(6) The learned Judge was of the view that the father was addicted to liquor and gambling and was even convicted in November, 1980 in a case under the Gambling Act and was sentenced to fine of Rs. 120.00 and imprisonment till rising of the court. The husband did not care to move to have the ex parte decree of divorce set aside. The learned Judge, thereforee, inferred that the allegations of the wife regarding the criminal habits of the husband and other acts of cruelty were correct. He also further found that both the children were in the custody of the mother till 10-11-1982 when she was staying with her parents in Jullundur. This was confirmed by the certificates issued by Florence School, Jullundur. The learned Judge concluded that the father intended to remove the children outside India. The Judge interviewed the children in his chamber. They showed their unwillingness to go with their mother. But it appeared to him that they had been tutored by the father to speak against the mother. It was also not shown by the father as to what profession he was carrying on these days and his anxiety to go abroad with the children is fraught with the apprehension that he or the children may not come back.
(7) I have heard the counsel and considered all the circumstances. Certain correspondence between the sister of the husband and a brother of the husband who lives in U.S.A. has been produced here, which shows that the brothers were not on good terms, were often quarrelling with each other and were given to excessive drinking. I have also interviewed the children, both in the presence and absence of the mother. Both the little children were not prepared to live with the mother. I am not impressed by the argument of the learned Guardian Judge that the children were tutored by the father. As a matter of fact, as the law stands the father is the natural guardian of the person of the children. But he could be deprived of the guardianship and custody if it is in the interests of the minors. So, in Raj Rani Subhash Chander : 23(1983)DLT240 , both in the interest and for welfare of the minor and on a consideration of the comparative merits between the mother and the father, guardianship and the custody of the child was given to the mother. Mr Vohra appearing on behalf of the husband submitted that Section 12 of the Guardian and Wards Act, 1890, provides for interim custody only in case of an application under Section 7 thereof. Apart from that there is no provision under the law by which an interim custody of the children can be transferred in case of an application under Section 25. He also urged that the application under Section 25 of the said Act was not even maintainable. I need not go at this stage into the question whether the main application under Section 25 is maintainable or not. But I see no reason why Section 12 cannot be invoked in such cases. That apart, an interim order can be made under Section 151 Gpc if the circumstances so require. In this case, however, I feel that both the mother and the father appear to be without jobs or in any purposeful employment. But the wife is living in D-115, defense Colony, New Delhi, in a room in mezzanine floor. If the mother, as she says, is living in the same premises where the husband is living, then she has only one room, which is shared by herself and her aunt and perhaps a friend. Moreover, she said that she was busy with the work of selling sarees. Then too, she will not, thereforee, be able to look after the children properly. The father is sharing accommodation with her brother where his children are also living. The atmosphere in the husband's household, thereforee, seems to be more congenial to the children, even if I were to believe that the brothers were indulging in drinking and all was not well with the family. But the condition of the wife is perhaps worse and she will not be able to provide proper protection and shelter and other needs of the children.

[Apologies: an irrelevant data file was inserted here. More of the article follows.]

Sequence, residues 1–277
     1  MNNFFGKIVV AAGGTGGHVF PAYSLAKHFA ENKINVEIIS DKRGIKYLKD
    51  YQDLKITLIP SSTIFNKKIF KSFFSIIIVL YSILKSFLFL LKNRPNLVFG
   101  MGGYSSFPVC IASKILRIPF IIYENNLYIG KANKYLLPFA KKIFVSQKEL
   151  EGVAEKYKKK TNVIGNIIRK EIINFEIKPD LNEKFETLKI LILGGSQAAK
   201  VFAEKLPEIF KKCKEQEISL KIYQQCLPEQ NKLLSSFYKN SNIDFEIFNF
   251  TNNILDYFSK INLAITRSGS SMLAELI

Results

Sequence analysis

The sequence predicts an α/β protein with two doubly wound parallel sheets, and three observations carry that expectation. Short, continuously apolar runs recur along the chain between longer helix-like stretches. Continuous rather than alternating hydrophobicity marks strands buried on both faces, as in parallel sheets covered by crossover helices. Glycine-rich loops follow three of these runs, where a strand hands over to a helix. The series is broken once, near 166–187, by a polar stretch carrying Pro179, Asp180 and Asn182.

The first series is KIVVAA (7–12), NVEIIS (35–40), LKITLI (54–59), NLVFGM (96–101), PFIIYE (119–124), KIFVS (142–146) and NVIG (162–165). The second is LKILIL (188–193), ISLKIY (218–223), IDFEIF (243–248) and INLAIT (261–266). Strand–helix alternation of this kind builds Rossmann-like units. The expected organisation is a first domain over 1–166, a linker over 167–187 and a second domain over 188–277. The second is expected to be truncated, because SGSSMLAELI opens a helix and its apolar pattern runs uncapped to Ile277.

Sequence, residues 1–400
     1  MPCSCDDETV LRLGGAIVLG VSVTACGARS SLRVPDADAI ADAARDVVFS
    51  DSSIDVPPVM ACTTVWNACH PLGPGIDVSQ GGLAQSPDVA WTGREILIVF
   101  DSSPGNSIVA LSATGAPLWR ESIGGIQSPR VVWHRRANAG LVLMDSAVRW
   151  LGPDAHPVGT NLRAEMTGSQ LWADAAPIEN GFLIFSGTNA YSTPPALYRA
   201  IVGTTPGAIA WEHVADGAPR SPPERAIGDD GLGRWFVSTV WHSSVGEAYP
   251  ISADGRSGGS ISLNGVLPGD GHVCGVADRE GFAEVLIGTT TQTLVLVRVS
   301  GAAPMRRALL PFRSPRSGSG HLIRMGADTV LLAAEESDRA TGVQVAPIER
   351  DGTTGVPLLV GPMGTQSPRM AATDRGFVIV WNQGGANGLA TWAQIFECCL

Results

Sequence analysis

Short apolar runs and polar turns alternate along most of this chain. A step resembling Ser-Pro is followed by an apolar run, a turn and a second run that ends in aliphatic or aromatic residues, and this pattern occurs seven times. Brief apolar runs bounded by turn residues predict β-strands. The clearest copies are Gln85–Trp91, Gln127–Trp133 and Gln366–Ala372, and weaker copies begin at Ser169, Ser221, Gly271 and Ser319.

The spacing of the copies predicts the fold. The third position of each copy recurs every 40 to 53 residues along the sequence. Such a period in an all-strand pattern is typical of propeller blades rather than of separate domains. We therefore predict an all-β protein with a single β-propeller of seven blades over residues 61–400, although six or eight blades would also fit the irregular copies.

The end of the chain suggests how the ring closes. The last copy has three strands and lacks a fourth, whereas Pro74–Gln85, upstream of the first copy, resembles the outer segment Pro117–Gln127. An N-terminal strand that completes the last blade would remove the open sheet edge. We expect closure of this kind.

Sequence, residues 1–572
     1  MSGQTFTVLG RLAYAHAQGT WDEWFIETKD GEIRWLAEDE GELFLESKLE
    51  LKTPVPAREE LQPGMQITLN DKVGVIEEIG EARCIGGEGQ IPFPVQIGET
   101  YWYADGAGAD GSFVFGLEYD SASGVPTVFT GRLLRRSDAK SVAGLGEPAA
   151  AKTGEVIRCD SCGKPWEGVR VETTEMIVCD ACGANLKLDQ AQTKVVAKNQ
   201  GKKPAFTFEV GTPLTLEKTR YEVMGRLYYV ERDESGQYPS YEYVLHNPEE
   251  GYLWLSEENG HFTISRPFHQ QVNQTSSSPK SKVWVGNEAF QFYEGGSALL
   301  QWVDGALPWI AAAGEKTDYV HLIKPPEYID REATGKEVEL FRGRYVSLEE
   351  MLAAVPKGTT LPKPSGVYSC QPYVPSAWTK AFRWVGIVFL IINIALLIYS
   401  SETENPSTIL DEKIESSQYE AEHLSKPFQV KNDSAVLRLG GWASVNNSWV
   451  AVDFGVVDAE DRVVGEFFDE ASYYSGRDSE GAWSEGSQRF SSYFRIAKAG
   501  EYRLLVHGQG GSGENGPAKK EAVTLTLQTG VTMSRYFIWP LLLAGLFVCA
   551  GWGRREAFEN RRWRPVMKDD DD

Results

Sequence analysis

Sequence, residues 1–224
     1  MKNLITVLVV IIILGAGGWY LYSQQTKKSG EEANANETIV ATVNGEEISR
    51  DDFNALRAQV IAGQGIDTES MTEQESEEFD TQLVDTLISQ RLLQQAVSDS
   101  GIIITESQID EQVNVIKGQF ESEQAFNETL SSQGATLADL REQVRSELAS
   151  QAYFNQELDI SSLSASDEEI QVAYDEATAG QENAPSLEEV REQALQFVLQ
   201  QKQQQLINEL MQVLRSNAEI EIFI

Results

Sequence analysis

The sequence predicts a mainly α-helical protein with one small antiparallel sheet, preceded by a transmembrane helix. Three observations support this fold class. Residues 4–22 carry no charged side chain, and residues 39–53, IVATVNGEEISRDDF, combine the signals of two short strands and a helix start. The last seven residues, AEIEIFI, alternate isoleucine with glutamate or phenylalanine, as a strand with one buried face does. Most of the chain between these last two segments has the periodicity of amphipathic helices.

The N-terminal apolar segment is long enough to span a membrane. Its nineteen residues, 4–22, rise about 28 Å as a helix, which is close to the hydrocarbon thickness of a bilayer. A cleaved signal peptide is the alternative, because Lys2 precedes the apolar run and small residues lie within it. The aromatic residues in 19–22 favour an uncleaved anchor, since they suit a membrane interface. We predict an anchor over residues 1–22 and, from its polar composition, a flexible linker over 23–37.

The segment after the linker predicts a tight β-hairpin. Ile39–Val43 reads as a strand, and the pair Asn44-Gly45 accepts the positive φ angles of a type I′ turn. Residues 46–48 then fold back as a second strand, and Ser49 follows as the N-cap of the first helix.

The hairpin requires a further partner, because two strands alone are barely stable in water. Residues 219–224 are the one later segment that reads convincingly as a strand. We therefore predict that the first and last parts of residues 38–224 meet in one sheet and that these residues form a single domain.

(8) I, thereforee, accept this revision petition as the learned trial Judge has not properly exercised the discretionary jurisdiction vested in him. I set aside the order and direct that the children until the disposal of the petitions shall remain in the custody of the father. But I maintain the direction that the children shall not be removed out of India. Nothing contained in this order shall, however, affect the findings on merits of the petitions pending before the learned Guardian Judge. No costs.